Abuwasta Abuwasta
 

Dear Genners,

I am writing an article about the Jewish community in Port Said which
shortlived there between 1859-1956.

75% of its members were Jews >from Aden. All of them held British
nationality and most of them moved through the years to the UK and further
(USA, Australia).

If you know of such families I would like to have their surnames.

Please respond privately.

Jacob Rosen-Koenigsbuch
Jerusalem


Bessarabia SIG at the conference in Warsaw #bessarabia

Yefim Kogan
 

Hi everybody,

It is now time to find out who are going to be in Warsaw at the conference
from our Bessarabia SIG.
I hope to have a good number of our members interested in joining us in
Warsaw.

Our Bessarabia SIG is planning to participate in
- Share Fair
- Bessarabia SIG meeting
- a number of lectures, sessions on the Bessarabia topics
- We also are planning to invite a guest >from Moldova - a local historian,
who helped us a lot at many projects. He will talk about his prospective on
cemetery research and more
- We also may have a SIG lunch or dinner with informal discussions. need to
know if people will participate

I would like to know who is planning to be at these events.

Please reply to me even if you are not yet sure.

All the best,
Yefim Kogan
JewishGen Bessarabia SIG Leader and Coordinator


Bessarabia SIG #Bessarabia Bessarabia SIG at the conference in Warsaw #bessarabia

Yefim Kogan
 

Hi everybody,

It is now time to find out who are going to be in Warsaw at the conference
from our Bessarabia SIG.
I hope to have a good number of our members interested in joining us in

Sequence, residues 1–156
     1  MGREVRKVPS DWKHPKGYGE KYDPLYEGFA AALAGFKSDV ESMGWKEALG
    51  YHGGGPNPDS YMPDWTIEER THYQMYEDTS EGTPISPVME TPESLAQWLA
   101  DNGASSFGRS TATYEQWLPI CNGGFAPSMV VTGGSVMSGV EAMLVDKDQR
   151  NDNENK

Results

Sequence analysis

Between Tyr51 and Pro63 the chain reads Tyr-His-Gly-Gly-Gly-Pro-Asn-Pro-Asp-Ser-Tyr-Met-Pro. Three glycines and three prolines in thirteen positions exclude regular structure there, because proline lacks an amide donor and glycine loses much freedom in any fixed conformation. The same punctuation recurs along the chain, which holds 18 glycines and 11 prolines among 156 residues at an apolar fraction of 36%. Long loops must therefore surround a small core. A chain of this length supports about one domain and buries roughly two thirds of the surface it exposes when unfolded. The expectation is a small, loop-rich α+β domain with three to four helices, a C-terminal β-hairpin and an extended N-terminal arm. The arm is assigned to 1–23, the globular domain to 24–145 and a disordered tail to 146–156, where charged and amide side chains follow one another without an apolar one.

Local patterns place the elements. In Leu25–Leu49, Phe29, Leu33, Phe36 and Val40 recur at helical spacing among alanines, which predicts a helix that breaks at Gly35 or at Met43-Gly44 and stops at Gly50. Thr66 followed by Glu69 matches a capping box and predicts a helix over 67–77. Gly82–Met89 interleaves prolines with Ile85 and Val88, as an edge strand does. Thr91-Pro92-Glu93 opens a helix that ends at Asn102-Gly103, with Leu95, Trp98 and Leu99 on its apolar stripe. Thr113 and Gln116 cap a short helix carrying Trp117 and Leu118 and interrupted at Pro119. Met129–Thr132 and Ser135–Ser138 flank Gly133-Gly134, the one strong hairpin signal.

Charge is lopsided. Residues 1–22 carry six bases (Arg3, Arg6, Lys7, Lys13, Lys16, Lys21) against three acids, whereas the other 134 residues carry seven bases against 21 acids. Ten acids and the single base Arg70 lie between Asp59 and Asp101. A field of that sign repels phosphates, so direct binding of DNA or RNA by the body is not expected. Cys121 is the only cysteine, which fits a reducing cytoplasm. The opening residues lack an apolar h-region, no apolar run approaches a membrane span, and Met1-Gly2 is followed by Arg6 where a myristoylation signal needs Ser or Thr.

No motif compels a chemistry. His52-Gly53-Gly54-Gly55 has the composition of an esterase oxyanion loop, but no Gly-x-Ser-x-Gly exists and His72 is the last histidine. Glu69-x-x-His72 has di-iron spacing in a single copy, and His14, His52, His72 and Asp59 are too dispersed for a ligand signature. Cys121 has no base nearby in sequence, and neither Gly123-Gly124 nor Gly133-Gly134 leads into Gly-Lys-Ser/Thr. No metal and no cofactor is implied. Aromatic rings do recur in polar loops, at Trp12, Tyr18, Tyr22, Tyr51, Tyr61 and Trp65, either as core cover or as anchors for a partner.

Warsaw.

Our Bessarabia SIG is planning to participate in
- Share Fair
- Bessarabia SIG meeting
- a number of lectures, sessions on the Bessarabia topics
- We also are planning to invite a guest >from Moldova - a local historian,
who helped us a lot at many projects. He will talk about his prospective on
cemetery research and more
- We also may have a SIG lunch or dinner with informal discussions. need to
know if people will participate

I would like to know who is planning to be at these events.

Please reply to me even if you are not yet sure.

All the best,
Yefim Kogan
JewishGen Bessarabia SIG Leader and Coordinator


Re: William POSNER- Philadelphia 1930s #general

Yonatan Ben-Ari
 

What a small world we are. According to the replies we received William POSNER who
was like " a big brother" to my mother in Philly in the mid 30s turns out to be the
uncle of very good friends of ours >from the 70s and on. WOW!

Thanks for all the replies.

Happy Chanuka and a happy new Chodesh Tevet
Yoni Ben-Ari, Jerusalem


JewishGen Discussion Group #JewishGen Re: William POSNER- Philadelphia 1930s #general

Yonatan Ben-Ari
 

What a small world we are. According to the replies we received William POSNER who
was like " a big brother" to my mother in Philly in the mid 30s turns out to be the
uncle of very good friends of ours >from the 70s and on. WOW!

Thanks for all the replies.

Happy Chanuka and a happy new Chodesh Tevet
Yoni Ben-Ari, Jerusalem


Re: Inclusion of Stillbirths & Adopted Infants in NYC Birth Index? #general

banai@...
 

Adoptions are listed in the NYC Birth Index under the birth name. The
records were sealed and new birth certificates issued under the same
certificate number.

I also pondered if they were listed under the mother or the father. I
have an example listed under the father's surname. But I can imagine
the mother not revealing the father's identity and finding the child
listed under the mother's surname as well.

As for stillbirths, I believe they are included in the birth indexes.
At least for a certain range of years, they are listed separately
from the other births, but they are included on the microfilms at the
FHL. But that is just the indexes; none of the stillbirth
certificates were microfilmed. And 1957 would be much too recent for
those films anyway. You'd have to try in NYC.

Banai

From: Deborah Dworski <ddworski@gmail.com>